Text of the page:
Back to the Stone Age for a day
In 1997, just eight years after the Velvet Revolution, when Czechs were making up for lost time and looking into the future, one man - archeologist Radomír Tichý - was busy looking back. Like the rest of his countrymen he was now fully able to realize his dreams, but those had little to do with mobile phones, DVDs and exotic holidays. Mr. Tichý and his colleagues at Hradec Králové University aimed to recreate history by building an open air museum from the early Stone Age to the late Metal Age.
Radomír Tichý explains what’s in store for visiting students:
“It is a small village of just three houses built in different styles –one “sunk into the ground” with a thickly thatched roof reaching the ground, another resembling a thatched log house and a third constructed slightly differently. There’s a well and everything else that the inhabitants would have used in their daily life – a bread oven, stone chipping and wood chopping sites, cabin implements, an open fireplace and so on. When a group of students come to visit they can handle the objects and try their hand at using stone axes, grinding wheat by hand or working a field with wooden instruments. It is a very exciting way of learning about history.”
Visiting the open air-museum certainly beats poring over textbooks and over the past ten years the village has attracted thousands of school children and students.
“We are making a wooden fence as they would have built it around Stone Age settlements.”
“We are sharpening a stone – this is how people made wooden axes in those days.”
“At school we only learn about the Stone Age from textbooks, but here we can get a close up look at the practical aspects of life as it was then.”
"You know our biggest problem with this project over the past ten years was that we wanted to make it more widely accessible but were limited by so many factors. Foremost by the weather because schools would book a guided tour well in advance and on a rainy day it made things very difficult. Also there was no home-base for our employees here. So we could not open it to the public except on special occasions. And finally it would be good if we were able to exhibit preserved archeological remains in situ – so we are very happy to have the chance to realize our archeological park project.”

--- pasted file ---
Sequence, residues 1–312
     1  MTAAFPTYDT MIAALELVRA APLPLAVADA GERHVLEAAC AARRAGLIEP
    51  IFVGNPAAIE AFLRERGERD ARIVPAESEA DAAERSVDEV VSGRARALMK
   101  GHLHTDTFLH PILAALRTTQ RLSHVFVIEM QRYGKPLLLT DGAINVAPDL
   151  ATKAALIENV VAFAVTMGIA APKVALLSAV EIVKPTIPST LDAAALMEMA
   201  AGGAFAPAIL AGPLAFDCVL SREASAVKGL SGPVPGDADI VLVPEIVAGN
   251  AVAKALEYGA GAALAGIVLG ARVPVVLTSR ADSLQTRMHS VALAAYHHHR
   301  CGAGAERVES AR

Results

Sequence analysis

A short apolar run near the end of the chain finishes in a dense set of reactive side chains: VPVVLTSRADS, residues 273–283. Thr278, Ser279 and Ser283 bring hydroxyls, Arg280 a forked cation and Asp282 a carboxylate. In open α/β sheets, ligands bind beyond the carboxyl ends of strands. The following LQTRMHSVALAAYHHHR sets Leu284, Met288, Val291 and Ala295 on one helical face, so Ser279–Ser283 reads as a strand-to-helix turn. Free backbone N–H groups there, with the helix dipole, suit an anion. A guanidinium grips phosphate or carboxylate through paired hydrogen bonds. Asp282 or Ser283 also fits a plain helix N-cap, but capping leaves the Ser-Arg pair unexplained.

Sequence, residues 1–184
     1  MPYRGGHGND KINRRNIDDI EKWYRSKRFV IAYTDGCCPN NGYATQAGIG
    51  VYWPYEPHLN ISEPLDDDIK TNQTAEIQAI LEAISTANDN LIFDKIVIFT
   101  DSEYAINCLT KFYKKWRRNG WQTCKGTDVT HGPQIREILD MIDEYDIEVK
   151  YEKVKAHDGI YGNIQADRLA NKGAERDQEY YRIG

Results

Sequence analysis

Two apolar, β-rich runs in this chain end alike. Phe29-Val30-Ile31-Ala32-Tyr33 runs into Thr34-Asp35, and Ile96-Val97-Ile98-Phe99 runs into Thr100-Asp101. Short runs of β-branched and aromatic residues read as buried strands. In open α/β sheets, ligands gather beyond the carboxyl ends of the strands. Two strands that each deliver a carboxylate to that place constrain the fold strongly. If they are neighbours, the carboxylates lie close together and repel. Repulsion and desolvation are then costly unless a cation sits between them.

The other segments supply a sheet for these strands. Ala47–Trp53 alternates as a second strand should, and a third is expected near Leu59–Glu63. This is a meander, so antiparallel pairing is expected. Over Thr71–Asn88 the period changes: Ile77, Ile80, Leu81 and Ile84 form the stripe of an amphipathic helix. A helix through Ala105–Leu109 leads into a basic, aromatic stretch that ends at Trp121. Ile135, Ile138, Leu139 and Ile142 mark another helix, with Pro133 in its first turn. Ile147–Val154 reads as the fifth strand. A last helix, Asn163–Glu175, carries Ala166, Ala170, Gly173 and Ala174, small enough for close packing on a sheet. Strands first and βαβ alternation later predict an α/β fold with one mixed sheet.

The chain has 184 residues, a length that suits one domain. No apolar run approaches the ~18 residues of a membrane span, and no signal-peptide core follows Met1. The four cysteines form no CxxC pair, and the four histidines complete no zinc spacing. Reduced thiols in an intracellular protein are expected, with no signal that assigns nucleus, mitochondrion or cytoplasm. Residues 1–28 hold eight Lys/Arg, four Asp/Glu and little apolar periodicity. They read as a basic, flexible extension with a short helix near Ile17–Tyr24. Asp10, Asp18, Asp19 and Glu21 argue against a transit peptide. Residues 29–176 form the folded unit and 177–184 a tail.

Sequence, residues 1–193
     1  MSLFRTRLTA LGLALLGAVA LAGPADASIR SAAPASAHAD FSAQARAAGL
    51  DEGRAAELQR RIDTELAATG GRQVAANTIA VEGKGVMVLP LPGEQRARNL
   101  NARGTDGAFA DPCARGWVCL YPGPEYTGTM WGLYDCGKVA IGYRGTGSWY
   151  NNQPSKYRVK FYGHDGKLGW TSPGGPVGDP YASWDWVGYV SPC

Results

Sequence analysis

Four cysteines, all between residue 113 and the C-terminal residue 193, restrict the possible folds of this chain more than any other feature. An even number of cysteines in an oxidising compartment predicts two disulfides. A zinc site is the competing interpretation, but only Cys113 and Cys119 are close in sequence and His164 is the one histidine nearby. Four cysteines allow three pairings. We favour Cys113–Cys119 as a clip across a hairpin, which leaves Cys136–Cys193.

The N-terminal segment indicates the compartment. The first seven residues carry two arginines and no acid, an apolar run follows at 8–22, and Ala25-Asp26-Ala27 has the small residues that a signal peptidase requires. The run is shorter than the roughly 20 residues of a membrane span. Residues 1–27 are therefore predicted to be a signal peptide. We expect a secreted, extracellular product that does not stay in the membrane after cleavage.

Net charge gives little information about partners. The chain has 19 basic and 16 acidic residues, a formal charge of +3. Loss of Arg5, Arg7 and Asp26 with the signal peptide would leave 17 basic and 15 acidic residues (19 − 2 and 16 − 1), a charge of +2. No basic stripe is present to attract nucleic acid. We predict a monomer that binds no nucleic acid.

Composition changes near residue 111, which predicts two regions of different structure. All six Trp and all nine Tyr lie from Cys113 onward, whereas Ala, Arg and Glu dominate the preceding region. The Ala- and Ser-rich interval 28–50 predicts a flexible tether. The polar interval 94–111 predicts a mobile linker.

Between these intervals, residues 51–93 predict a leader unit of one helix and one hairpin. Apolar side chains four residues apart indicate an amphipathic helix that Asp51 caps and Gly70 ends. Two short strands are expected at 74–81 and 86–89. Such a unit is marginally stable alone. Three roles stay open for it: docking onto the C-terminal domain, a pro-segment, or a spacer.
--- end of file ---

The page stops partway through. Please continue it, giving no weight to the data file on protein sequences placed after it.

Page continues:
The “park” project involves expanding the open air museum to include livestock, an archeological dig for children, and several more thatched houses. Close by archeologists envisage a modern three-floor building financed from regional funds and co-sponsored by the EU to the tune of 40 million crowns. Building work is to start in the autumn and Radomír Tichý has a clear idea of what it’s going to look like when its doors open to the public in 2012.
“The building will have two wings – one with a big projection hall where we can screen films or give lectures –and the other will be for exhibits. It will have three floors –the first floor will be the “underground floor” – exhibiting caves with engravings, mining shafts, graves and burial rituals and items uncovered during excavation work. The second floor will illustrate life in the Stone Age - what the settlements looked like, how they functioned, the development of agriculture and trade. And the third floor will be devoted to the prehistoric age – to the different periods and their stages of development.”
“It is only fair to say that we have gained a lot of experience and valuable information from colleagues in Western Europe. Over the past ten years we have paid regular visits to open air museums in France and Belgium where we were able to see how they function and what they offer visitors. This is where we got our first lessons in experimental archeology.”
Once the extended museum reopens in September of 2012, it is expected to attract some 30,000 visitors a year, not just school excursions but members of the general public and foreign visitors who fancy a day trip to the Stone Age.